Dynamic Functional Connectivity Predicts Treatment Response to Electroconvulsive Therapy in Major Depressive Disorder

Frontiers in Human Neuroscience 15 (2021)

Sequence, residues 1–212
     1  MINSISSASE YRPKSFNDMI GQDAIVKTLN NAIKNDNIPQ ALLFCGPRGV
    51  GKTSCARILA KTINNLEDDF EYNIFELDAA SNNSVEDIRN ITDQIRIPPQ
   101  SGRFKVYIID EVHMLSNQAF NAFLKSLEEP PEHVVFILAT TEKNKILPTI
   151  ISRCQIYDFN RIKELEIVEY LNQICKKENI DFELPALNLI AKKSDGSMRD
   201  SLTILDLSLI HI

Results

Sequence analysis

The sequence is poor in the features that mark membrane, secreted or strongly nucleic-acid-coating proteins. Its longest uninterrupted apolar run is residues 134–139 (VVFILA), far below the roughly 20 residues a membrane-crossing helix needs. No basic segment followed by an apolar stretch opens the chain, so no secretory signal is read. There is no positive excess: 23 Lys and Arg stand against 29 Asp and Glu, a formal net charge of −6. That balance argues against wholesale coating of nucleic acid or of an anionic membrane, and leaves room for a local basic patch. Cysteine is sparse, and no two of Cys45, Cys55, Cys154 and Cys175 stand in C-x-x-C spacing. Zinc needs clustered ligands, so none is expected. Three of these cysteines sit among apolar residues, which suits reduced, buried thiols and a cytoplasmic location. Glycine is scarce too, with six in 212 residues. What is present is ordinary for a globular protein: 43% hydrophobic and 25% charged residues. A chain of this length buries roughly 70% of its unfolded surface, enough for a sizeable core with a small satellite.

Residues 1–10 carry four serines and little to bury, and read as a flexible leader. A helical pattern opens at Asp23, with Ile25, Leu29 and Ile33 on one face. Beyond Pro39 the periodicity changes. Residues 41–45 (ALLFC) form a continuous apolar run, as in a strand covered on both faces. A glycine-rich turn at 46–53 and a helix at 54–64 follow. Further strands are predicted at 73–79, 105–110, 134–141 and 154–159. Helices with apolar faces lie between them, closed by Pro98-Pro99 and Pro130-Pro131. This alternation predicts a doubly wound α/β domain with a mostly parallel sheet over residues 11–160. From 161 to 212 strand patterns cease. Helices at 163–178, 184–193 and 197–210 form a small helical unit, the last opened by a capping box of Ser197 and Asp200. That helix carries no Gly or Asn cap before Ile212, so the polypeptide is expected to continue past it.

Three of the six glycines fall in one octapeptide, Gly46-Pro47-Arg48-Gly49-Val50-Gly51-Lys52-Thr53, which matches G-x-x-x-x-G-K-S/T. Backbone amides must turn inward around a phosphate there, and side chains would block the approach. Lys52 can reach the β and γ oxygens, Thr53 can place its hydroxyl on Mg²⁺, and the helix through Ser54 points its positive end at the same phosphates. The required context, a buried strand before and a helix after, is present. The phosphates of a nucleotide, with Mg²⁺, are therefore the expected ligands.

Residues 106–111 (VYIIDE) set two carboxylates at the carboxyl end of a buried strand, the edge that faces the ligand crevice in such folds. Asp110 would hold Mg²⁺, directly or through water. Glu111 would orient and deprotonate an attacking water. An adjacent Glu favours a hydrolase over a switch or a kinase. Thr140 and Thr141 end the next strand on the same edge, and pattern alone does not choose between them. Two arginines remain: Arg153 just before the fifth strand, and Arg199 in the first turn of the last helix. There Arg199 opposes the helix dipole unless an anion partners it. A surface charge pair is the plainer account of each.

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Background: Electroconvulsive therapy is one of the most effective treatments for major depressive disorder. Recently, there has been increasing attention to evaluate the effect of ECT on resting-state functional magnetic resonance imaging. This study aims to compare rs-fMRI of depressive disorder patients with healthy participants, investigate whether pre-ECT dynamic functional network connectivity network estimated from patients rs-fMRI is associated with an eventual ECT outcome, and explore the effect of ECT on brain network states.Method: Resting-state functional magnetic resonance imaging data were collected from 119 patients with depression or depressive disorder, and 61 healthy participants, with an age mean of 52.25 years old. The pre-ECT and post-ECT Hamilton Depression Rating Scale were 25.59 ± 6.14 and 11.48 ± 9.07, respectively. Twenty-four independent components from default mode and cognitive control network were extracted, using group-independent component analysis from pre-ECT and post-ECT rs-fMRI. Then, the sliding window approach was used to estimate the pre-and post-ECT dFNC of each subject. Next, k-means clustering was separately applied to pre-ECT dFNC and post-ECT dFNC to assess three distinct states from each participant. We calculated the amount of time each subject spends in each state, which is called “occupancy rate” or OCR. Next, we compared OCR values between HC and DEP participants. We also calculated the partial correlation between pre-ECT OCRs and HDRS change while controlling for age, gender, and site. Finally, we evaluated the effectiveness of ECT by comparing pre- and post-ECT OCR of DEP and HC participants.Results: The main findings include depressive disorder patients had significantly lower OCR values than the HC group in state 2, where connectivity between cognitive control network and default mode network was relatively higher than other states, Pre-ECT OCR of state, with more negative connectivity between CCN and DMN components, is linked with the HDRS changes. This means that those DEP patients who spent less time in this state showed more HDRS change, and The post-ECT OCR analysis suggested that ECT increased the amount of time DEP patients spent in state 2.Conclusion: Our finding suggests that dynamic functional network connectivity features, estimated from CCN and DMN, show promise as a predictive biomarker of the ECT outcome of DEP patients. Also, this study identifies a possible underlying mechanism associated with the ECT effect on DEP patients.



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